I have been back at work for a month and a half now and while it's been good, it's also been challenging. I am both working full time and caring for Ruth full time and it's been difficult. By most accounts, Ruth is a great baby. She is happy, sleeps well, eats well, and is healthy. Her only "struggle" (and I'm not even sure that's the appropriate word) is that she can be particular about how she is held or who she is with. Our phrase around here is "she makes you work for it." She sleeps well, but if she is overtired she will fight sleep, and will make you "work for it" to get her to sleep. Or, often, when being held, she doesn't want to simply be cuddled, she wants to be walked, and bounced and to have you stand her up and face her out so she can see everything around her. This isn't as much a challenge for her as it is for those who want to hold her.
She likes people and wants to watch people and will refuse to sleep if there are things to do and people to watch. But there seems to be this crazy expectation from people that she will just pass from person to person and cuddle with whomever wants a "baby fix". And that's simply not the case. I don't mind it because I don't think it's a flaw. I think she's just young and getting used to the world and all the people around her. But it is sometimes difficult when I can't just hand her off to someone and have them hold her so I can do something. Or, lots of folks, who think she should just be happy to cuddle, get hurt or frustrated when she starts to cry when they hold her. It's hard to balance (and sometimes battle) the expectations of others. Especially since folks have this other idea that "church babies" are the most social of all.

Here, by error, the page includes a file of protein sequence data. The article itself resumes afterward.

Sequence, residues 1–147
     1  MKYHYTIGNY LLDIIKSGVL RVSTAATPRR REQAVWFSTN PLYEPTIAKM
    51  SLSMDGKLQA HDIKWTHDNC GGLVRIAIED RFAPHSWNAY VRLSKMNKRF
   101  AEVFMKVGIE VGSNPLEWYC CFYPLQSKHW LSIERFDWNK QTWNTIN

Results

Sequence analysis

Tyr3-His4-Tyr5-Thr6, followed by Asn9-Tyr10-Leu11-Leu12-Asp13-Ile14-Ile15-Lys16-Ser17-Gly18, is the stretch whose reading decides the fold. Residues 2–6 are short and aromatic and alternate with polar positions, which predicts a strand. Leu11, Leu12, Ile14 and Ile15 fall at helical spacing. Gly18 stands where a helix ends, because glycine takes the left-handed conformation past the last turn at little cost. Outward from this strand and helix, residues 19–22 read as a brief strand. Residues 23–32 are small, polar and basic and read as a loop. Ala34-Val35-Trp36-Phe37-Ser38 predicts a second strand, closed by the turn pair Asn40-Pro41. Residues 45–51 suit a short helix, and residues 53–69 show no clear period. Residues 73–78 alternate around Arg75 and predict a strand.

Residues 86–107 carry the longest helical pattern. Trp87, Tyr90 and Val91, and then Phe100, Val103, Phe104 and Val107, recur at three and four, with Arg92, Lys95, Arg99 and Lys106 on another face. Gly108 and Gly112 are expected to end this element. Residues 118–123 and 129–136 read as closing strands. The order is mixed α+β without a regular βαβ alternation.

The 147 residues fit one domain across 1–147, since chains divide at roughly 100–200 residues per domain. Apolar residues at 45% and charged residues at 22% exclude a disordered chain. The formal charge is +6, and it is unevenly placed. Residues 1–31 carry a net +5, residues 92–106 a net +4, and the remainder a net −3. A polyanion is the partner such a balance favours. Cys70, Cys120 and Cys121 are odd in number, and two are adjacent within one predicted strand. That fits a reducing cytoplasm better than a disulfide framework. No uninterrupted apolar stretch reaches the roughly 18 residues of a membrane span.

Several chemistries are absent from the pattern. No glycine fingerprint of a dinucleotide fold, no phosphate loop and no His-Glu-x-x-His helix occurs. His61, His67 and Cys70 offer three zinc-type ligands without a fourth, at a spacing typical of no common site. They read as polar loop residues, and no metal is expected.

I don't like to disappoint people, and I feel like Ruth is an extension of me, and I don't want others to be disappointed by her (I said it that way intentionally, not that she is directly disappointing them, but that they are disappointed because their expectations aren't met). But the reality is she's her own person and she does things her way and there's no wrong or right way about her way (not yet anyway...she's only 3 1/2 months old).
I've come to somewhat loathe the notions of a "good baby" that people hold. A good baby is one who is quiet, doesn't fuss, hardly cries, sleeps, eats, and is happy with anyone and everyone. I know that logically people can't honestly believe that that's how babies are...babies cry--it's how they communicate, and not crying is not really a good thing, it's generally a sign that something big is wrong. If you are honest about it, babies are babies and they are a lot of work (and a tremendous blessing) and they have their own personality, and they cry, and they fuss (even if they don't know why), and they sleep and they eat and they are changing so regularly that they aren't terribly predictable (other than needing to sleep and eat and be loved on). Quite honestly, I think Ruth is perfect. Not in the cultural sense of perfect--she's not flawless and she certainly doesn't make life "easy" for me. But she is a wonderful joy. Just her smile can make all kinds of worries and frustrations melt away. Even when she is terribly upset and almost inconsolable, she's perfectly wonderful. It's not her fault I can't figure out what to do. And once she does get fed and get some sleep (that's normally the best answer to anything!), she's happy as a clam and all smiles once again, as if the injustice and hardship of being overtired or overstimulated never even happened.
She's wonderful and I wish people could simply see that without having a need to evaluate every fuss, every cry, every giggle for whether or not she is "good". She is good because God created her in God's image. She is perfectly and wonderfully made and there's no two ways about it.